While you guys debate over how many angels can sit on the head of a pin, the simple answer is that just about every popular engine design, i.e., I don't think the International Harvester 350 v8 qualifies, has manifolds built for them both ways.
It all depends on the design of the manifold was intended to do.
Back in the days when electricity was a brand new thing, companies like Edelbrock and Offenhauser built manifolds to market to the masses of the budding aftermarket industry to give you A LITTLE more power, less weight and pizaz then the factory manifolds, WITH NO OTHER CHANGES TO THE ENGINE.
Here is a picture of the Offe 360 for the Cleveland. It certainly has a notch.
It should look at least vaguely familiar to SOME of you in this debate, right?
There are a set of instructions that come with that manifold from Ollie Morris himself (Goggle him if you don't know who he is, I do, you should) that say, "don't touch it". It is what makes his design work.
The fact of the matter is that there are absolutely enough manifolds around to support both sides of the argument.
To me, the debate is a waste of time. The notch is a tuning device in the sense that absolutely every other factor in induction on a naturally aspirated engine is.
You are balancing idle quality, throttle tip in, low, mid and high rpm power for the best combination. "Best" being determined by the manufacturer, NOT YOU.
Edelbrock is notorious for building disappointing manifolds in the past. Disappointing, at least to me. I think that is simply because their intended market is not one that I fall into.
I am not putting their manifold on a big heavy car with an automatic transmission and 3.00:1 gears. To me, that is what their manifolds are tuned to. At least until recently.
In this day and age when seemingly everyone has a chassis dyno, none the less a CNC laser cutter, a TIG welder, a MIG welder and God knows maybe a former Soviet block nuclear device in the basement, everyone is a critic.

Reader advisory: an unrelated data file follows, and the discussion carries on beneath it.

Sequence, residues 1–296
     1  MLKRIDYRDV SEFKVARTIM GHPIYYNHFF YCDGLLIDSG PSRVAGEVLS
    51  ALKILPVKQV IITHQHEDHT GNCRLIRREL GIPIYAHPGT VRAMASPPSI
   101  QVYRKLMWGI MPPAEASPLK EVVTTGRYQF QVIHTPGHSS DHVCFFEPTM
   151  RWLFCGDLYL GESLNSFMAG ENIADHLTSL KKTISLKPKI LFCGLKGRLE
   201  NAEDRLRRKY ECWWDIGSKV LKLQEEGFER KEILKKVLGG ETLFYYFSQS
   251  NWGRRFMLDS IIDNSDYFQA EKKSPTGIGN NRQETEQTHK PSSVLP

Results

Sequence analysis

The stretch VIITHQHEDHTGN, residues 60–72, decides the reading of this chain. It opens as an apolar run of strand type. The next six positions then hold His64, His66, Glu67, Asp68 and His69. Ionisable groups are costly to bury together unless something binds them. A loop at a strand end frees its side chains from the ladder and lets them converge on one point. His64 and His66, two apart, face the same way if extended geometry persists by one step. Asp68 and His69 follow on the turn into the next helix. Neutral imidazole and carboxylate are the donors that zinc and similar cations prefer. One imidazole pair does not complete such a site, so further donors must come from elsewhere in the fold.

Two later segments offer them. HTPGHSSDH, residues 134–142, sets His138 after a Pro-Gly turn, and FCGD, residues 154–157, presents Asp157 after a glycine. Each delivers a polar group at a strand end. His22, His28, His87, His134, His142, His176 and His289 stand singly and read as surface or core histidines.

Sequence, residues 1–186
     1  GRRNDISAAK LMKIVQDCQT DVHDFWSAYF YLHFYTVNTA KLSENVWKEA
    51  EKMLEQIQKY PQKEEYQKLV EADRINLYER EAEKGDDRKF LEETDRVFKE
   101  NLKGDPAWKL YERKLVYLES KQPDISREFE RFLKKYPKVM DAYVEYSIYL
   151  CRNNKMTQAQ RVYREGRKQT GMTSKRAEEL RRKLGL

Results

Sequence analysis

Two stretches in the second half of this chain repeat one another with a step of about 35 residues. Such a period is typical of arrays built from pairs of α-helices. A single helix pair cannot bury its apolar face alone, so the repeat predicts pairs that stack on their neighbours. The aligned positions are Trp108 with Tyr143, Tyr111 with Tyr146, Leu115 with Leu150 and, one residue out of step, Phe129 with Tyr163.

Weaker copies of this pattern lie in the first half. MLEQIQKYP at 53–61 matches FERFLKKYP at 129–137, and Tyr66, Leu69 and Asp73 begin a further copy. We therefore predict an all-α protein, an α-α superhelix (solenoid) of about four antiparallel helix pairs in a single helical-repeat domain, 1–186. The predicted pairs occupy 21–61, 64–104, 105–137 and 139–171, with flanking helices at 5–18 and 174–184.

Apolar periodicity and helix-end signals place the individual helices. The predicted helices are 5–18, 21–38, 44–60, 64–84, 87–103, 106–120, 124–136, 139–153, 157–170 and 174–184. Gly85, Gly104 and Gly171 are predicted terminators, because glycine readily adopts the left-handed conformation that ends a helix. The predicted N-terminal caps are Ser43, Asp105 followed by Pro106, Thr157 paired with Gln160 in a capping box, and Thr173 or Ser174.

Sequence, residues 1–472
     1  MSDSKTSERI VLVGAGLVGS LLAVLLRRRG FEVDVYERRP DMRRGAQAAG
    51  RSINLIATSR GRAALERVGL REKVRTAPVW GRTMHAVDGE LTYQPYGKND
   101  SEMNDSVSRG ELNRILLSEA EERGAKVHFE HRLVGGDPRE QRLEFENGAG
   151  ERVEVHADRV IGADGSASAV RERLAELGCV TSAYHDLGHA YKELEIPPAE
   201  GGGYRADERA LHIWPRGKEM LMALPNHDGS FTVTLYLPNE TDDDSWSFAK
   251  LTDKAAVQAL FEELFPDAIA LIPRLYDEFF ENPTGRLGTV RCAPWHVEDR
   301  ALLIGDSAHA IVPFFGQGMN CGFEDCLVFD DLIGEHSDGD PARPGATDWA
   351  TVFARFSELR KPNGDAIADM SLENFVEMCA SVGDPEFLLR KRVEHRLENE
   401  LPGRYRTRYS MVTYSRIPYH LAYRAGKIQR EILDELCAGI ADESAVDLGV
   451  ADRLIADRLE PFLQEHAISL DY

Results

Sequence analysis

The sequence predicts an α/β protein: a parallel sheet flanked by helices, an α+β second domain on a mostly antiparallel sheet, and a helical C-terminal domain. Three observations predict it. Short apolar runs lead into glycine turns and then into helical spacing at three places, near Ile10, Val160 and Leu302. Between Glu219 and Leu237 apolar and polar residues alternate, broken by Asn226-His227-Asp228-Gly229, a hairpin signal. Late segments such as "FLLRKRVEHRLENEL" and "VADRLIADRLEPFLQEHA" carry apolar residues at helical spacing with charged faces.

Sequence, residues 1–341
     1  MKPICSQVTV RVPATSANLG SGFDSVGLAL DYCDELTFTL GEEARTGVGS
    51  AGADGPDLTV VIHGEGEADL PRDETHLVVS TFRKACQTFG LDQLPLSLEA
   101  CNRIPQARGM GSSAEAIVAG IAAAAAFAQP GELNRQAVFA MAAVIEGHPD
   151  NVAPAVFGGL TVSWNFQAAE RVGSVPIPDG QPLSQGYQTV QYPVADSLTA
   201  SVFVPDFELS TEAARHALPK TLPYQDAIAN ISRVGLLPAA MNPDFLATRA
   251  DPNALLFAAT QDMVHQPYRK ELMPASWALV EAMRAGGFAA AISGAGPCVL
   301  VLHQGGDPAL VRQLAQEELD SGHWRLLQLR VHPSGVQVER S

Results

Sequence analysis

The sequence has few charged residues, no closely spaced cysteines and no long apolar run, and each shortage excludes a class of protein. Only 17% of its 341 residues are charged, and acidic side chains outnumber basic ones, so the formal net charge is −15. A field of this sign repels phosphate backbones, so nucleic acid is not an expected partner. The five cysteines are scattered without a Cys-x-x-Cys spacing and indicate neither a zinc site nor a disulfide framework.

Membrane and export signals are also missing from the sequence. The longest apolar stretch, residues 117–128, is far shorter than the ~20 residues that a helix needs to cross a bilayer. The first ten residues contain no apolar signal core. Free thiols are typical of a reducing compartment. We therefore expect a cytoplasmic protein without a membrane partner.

Just like selecting a camshaft, a carburetor, header tube size and length, these items are all intended to tune YOUR PERSONAL set up as best you can.
To me, the last thing that should be modified on a notched intake manifold is the notch itself. The problem is, once you went too big, the manifold is junk. Aluminum scrap here is $.23 a pound. That doesn't get your purchase price back.
Personally, if I was going to mess with that divider, I'd leave the Shelby script manifold alone and grind on the Blue Thunder.
Long before Dan Jones started his own dyno project, that manifold was played with by altering that divider.
Unless you are a serious race team looking to squeeze the last drop of horsepower out of a 40 some odd year design to compete now, what's the point and what's the difference? A 40 year old design competitive now would just be pure luck?
There is absolutely enough current information, i.e. DYNO DOCUMENTATION, by Dan Jones to indicate the differences with THAT manifold and the advantages or disadvantages of each configuration.
Exactly who is responsible for the original design of the ORIGINAL "SHELBY" manifold that Blue Thunder re-introduced, to my knowledge, has not been credited.
It DOES NOT appear to come out of the Ford, Kar Kraft, Holman-Moody or Bud Moore camp. It was thought to be cutting edge in 1970 when it was designed but that was with 1970 expectations for the 351C, i.e., improving an advertised 300 hp Mach I production engine in the Mustang and Torino. That's about what you got from it. Another 10 or 15 hp.
I personally doubt it was ever concieved of as capable of 500hp and 500 ft-lbs out of the 351 configuration?
Unfortunately it arrived at the end of the Ford's direct involvement in racing and their funding performance/racing parts program because of the increasing involvement of the auto industry in complying with the new California and US emissions standards, and their racing success at Le Mans in beating Ferrari in '66 & '67, which was all Henry really wanted to begin with. It probably could have used more development, BUT IT IS WHAT IT IS AND THAT BATTLE IS LONG OVER.
Detomaso himself was a victim of this Ford withdrawal leaving him to fund his own 351c engine racing development for the Pantera, which apparently he was not able to do very well without the American/Ford involvement.
I will point out also that AT Francis, aka Blue Thunder, has the reputation for "improving" original port designs and leave them original looking on the exterior.
I would expect the BT to be just a little bit different, a little bit "better" than the originals?
This is like debating the US Civil War and who should have won? The war is LONG OVER. Don't fight it again. Get over it and live with the outcome.
Yikes. You guys are like 9th graders that won't give up the argument you started in home room?